On November 23, the Commission on Investigation into Foreign Interference in Russia's Internal Affairs held a meeting at the State Duma.
The Chairman of the Commission Vasily Piskarev
Vasily Ivanovich said at the meeting that the Commission had completed its investigation into 30 non-governmental organizations, civil structures and public associations from 16 unfriendly countries.
It was proposed to recognize their activities undesirable and some of them as extremists. “All these structures are controlled by the authorities from NATO member states and are aimed at undermining our country from within,” stressed the parliamentarian.
Vasily Piskarev mentioned such NGOs like Svoboda Alliance (Australia), Russian America for Democracy in Russia (USA), the Ark Project, which has representatives in more than 40 countries, Danish Friends of a Democratic Russia (Denmark), the Eurasian Harm Reduction Association (Lithuania), the association RUHelp — Russians Against the War (Luxembourg), the Free Russia NL (Netherlands), the Human Rights House Foundation (Norway), Demokrati-JA movement (Germany), and the Free Russia Forum (Latvia).
The parliamentarian added that the Commission had sent an appeal to the Prosecutor General's Office to recognize DOXA as an extremist organization and ban its activities in Russia. According to Vasily Piskarev, the magazine was spreading the pro-Ukrainian propaganda and hold illegal protest activities.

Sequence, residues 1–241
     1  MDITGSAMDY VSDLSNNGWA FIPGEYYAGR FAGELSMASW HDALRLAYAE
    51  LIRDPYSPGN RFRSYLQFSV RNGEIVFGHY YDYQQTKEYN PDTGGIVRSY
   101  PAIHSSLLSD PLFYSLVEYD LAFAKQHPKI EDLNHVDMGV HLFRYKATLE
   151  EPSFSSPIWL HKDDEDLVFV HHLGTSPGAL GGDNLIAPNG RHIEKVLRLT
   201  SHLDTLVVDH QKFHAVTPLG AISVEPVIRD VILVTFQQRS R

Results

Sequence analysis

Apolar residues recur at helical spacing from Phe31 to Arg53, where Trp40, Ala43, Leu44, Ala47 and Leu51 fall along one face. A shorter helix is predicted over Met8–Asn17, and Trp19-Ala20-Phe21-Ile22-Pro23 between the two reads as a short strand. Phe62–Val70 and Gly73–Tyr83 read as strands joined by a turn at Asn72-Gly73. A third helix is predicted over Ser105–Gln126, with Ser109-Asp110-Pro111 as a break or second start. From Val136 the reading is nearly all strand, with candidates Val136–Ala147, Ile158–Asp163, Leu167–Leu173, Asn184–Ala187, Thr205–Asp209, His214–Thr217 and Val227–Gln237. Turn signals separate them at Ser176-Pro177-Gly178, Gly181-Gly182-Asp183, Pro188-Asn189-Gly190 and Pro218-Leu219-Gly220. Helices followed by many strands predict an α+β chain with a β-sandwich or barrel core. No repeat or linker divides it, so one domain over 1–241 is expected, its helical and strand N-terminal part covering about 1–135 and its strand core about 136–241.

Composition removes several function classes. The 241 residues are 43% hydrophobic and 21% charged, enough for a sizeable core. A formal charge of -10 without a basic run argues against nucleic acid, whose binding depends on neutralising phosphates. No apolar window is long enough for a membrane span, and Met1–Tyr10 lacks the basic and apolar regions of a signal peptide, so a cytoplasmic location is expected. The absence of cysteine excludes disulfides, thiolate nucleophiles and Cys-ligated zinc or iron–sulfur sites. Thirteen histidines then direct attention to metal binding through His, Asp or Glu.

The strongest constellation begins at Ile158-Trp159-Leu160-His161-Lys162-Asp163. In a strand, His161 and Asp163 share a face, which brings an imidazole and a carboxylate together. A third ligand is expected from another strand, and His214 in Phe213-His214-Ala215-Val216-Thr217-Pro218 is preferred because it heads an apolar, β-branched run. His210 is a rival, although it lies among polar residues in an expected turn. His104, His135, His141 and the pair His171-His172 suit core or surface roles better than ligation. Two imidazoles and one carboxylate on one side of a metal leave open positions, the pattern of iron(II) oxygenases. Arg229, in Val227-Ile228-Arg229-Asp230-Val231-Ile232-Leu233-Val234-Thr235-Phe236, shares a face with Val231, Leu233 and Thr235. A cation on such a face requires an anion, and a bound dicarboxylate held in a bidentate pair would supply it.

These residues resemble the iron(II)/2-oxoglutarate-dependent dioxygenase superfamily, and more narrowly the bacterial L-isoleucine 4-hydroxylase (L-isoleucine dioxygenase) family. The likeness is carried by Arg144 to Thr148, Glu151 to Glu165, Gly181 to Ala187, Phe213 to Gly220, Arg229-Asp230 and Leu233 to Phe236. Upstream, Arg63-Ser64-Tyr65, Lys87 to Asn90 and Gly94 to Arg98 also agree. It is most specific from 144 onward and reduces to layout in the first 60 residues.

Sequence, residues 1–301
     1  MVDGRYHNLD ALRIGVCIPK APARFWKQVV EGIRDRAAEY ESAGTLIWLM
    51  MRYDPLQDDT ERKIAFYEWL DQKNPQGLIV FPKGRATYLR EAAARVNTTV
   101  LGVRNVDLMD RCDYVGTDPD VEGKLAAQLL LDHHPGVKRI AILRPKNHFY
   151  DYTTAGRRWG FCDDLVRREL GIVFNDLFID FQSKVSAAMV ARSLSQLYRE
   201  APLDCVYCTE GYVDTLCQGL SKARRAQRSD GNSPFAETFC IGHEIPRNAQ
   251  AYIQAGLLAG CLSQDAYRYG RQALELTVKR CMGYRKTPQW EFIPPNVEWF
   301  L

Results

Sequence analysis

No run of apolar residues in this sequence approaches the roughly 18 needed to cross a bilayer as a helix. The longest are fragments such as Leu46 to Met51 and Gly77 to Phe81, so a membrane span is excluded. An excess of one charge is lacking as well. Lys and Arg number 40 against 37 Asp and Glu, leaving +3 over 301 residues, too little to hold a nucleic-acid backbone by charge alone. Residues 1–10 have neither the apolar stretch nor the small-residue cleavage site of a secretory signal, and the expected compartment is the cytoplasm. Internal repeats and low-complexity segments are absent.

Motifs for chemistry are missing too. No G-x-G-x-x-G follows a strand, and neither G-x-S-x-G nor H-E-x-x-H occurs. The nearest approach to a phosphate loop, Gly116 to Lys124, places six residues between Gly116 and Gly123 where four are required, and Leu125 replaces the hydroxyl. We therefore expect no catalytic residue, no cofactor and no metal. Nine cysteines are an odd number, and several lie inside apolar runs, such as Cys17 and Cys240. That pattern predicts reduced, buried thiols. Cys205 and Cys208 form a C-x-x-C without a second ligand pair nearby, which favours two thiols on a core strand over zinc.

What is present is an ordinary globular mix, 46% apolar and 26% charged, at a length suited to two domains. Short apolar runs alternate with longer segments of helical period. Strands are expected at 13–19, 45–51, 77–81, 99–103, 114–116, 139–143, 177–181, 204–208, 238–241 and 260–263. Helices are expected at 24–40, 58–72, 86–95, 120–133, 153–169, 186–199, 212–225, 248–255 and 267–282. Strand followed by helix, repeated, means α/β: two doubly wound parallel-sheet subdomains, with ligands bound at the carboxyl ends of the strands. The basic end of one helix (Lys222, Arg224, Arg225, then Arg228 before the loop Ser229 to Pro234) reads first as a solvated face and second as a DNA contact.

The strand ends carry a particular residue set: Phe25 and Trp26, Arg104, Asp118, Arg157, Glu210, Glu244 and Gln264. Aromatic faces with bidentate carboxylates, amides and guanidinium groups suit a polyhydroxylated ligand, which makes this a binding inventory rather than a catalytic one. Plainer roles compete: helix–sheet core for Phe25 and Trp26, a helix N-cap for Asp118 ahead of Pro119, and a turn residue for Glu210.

“We revealed that the magazine had published instructions how to commit arsons of Russian military enlistment offices, police departments and military equipment, to make Molotov cocktails, to hold mass public events violating the law, to resist the law enforcement agencies and to attack universities. Their efforts aimed at involving our young people in illegal activities must be stopped and given an appropriate legal assessment. We are waiting for a response from the Prosecutor's Office,” said Vasily Piskarev.
In addition, the Commission had collected materials on 150 citizens, calling for imposition of sanctions against Russia.
Vasily Piskarev said that those materials would be sent to law enforcement agencies to give an assessment of the actions of these citizens whether they committed administrative offense under Article 20.3.4 of Code of Administrative Offences of the Russian Federation, or a criminal offense under Article 284.2 of the Criminal Code of the Russian Federation.